I call bullshit on the notion that a Marine cannot qualify on a pistol just like he qualifies on his rifle. The Marines make big stuff out of 500 yard rifle qualifications, and the DMs and Scout Snipers go much farther than that. Muzzle discipline, weapons clearing and malfunctions, weapons maintenance, rules of gun safety, etc., etc., are all taught as if straight from the Bible, and if you fail at any of it, you visit the “room of pain” for a while, and never fail again. There isn’t any reason this cannot be laterally transferred to handguns as well. There simply isn’t any reason.
Odierno’s objection isn’t stupid because he really believes what he said, it’s stupid because he is toeing the party line and cannot come up with something better. But it must be observed that all of this has to do with Marines who are deployed and under arming orders.
As for when the Marines are stateside, we have dealt with this before too.
If I am not mistaken NCOs could never have personal weapons on reservation property, and officers could only with base commander approval. But what this MARADMIN appears to do is expand the stipulations even farther. Take note of the requirement for “government family housing … privately-owned firearms will be stored in a fully-encased container that is capable of completely enclosing the firearm and must be locked with a key or combination lock. All firearms will be fitted with a trigger lock.”
This expands the rules to property off of the federal reservation, and if you live in housing that is in any way subsidized by the government for families, your personal weapons must not only be in a container large enough to contain the whole of the weapon, and locked, but it (or they) must also have a trigger lock(s) on it (them), even while inside the container.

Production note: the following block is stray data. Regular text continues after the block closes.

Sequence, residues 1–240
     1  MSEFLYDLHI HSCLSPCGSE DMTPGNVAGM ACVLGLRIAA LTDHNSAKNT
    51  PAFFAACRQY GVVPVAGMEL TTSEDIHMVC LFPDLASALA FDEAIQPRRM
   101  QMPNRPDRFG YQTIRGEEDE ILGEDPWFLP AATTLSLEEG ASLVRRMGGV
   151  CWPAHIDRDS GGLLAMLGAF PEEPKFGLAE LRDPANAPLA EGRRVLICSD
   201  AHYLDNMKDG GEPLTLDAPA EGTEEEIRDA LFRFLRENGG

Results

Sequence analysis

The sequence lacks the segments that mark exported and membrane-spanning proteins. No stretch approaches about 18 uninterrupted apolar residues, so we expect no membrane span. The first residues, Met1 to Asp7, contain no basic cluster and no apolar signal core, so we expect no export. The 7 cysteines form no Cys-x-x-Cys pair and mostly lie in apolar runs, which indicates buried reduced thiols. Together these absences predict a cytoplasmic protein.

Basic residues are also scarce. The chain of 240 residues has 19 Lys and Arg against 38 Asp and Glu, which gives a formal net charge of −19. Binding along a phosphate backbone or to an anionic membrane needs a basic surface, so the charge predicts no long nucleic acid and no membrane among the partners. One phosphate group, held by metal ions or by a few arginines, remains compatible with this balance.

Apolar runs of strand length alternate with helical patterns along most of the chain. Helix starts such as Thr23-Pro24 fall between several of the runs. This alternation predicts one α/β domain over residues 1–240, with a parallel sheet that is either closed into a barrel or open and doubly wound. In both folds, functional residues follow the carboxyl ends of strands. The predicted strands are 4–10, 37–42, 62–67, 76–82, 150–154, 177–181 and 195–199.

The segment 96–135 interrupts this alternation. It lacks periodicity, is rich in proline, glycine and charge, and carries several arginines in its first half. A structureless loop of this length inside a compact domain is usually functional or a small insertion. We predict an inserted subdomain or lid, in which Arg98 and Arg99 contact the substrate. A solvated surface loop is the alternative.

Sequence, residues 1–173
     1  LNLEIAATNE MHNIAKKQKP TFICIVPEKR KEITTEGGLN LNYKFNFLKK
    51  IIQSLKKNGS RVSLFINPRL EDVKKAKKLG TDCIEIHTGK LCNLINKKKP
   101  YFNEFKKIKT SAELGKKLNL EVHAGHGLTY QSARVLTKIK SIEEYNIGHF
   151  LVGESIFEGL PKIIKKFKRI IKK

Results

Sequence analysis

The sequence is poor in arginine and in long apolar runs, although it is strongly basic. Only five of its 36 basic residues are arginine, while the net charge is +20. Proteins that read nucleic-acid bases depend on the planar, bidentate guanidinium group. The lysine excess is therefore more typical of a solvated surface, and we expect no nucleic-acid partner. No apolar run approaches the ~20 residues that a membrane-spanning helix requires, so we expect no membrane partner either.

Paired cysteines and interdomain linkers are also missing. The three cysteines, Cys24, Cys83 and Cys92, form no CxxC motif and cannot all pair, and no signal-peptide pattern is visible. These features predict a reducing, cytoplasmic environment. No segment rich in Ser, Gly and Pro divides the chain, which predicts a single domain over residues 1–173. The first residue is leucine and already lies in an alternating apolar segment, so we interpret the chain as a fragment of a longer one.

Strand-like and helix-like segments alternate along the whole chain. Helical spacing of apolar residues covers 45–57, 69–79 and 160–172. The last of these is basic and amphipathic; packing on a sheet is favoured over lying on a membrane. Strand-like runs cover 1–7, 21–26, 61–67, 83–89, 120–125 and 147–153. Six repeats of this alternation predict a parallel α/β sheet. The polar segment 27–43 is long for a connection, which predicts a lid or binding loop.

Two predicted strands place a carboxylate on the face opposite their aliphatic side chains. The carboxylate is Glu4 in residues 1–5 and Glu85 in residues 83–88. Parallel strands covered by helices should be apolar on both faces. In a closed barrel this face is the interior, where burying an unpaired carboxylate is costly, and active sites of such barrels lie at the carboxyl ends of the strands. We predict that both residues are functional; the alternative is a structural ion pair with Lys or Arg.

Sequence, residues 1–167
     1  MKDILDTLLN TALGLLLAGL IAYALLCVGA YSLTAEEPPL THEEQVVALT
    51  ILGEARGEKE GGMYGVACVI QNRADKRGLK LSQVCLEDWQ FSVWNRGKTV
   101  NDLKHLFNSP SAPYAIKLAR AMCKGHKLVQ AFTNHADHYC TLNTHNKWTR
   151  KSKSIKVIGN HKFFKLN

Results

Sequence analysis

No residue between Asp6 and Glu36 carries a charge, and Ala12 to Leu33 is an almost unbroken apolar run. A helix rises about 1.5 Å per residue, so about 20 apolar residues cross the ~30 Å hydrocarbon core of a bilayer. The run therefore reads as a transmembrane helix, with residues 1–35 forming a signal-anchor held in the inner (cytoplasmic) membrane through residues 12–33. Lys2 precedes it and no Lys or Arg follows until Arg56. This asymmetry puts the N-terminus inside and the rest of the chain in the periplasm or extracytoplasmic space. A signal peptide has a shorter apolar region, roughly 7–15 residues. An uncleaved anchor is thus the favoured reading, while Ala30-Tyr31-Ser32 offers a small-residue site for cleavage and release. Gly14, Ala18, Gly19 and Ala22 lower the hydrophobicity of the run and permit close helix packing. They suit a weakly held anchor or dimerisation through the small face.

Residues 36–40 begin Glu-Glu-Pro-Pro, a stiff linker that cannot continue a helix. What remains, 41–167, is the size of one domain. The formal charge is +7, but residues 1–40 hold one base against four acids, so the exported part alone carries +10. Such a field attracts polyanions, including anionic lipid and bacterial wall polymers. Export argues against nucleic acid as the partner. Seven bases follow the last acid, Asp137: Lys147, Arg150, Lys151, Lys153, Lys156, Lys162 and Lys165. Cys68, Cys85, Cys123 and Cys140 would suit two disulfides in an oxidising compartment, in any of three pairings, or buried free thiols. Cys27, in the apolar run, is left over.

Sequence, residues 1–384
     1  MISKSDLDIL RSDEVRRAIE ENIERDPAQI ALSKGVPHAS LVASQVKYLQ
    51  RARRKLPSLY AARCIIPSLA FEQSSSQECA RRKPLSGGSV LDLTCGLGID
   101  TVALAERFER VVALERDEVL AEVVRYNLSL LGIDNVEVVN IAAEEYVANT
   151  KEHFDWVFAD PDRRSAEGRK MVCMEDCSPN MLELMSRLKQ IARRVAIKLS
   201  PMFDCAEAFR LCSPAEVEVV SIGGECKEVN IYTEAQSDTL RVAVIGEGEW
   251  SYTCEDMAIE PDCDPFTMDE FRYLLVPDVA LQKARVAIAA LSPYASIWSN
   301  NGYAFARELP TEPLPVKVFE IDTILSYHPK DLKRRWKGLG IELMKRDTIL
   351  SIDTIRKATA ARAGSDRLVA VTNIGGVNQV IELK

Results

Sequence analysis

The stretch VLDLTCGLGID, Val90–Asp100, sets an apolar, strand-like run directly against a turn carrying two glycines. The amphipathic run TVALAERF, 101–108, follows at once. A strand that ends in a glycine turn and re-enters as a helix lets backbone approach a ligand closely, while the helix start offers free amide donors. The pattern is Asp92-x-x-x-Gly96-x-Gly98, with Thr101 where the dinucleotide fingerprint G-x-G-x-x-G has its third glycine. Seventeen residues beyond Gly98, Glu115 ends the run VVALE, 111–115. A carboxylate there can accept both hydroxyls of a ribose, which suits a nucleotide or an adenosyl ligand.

Damn. Heads of households had better hope they aren’t the victims of crime. Their families are completely unprotected and unsecured. This, from a Marine Corps Commandant who is alleged to be trying to secure his Marines from harm. Oh well. This is also from a Commandant who was allegedly involved in illegal command influence in investigations under his charge. Readers already know what I think of airman Amos. When Daniel graduated from Boot Camp I presented him with a present. It included several things signed by Marine Corps Commandant Alfred Gray, with personalized notes to him. I’ll never request anything like that from Amos.
Airman Amos was a worthless, spineless sniveling lackey crap-weasel and a traitor to the USMC. Notice that the MARADMIN that is the subject of the post had to do with personal weapons off federal reservation property. Marines couldn’t even have those unlocked, within arms reach and ready to be deployed without risking NJP or dishonorable discharge. As best as I know, this MARADMIN is still in effect.
As for whether the Marines in the recruiting office in Chattanooga should have been armed, the answer is a resounding yes and no. Mason Dixon Tactical raises a very important point. It wasn’t too many hundreds of years ago in our history where men were required to carry long guns to worship, practice with the other men after worship, and use the day for fellowship and training. This could one day become more regular in America as the security situation degrades.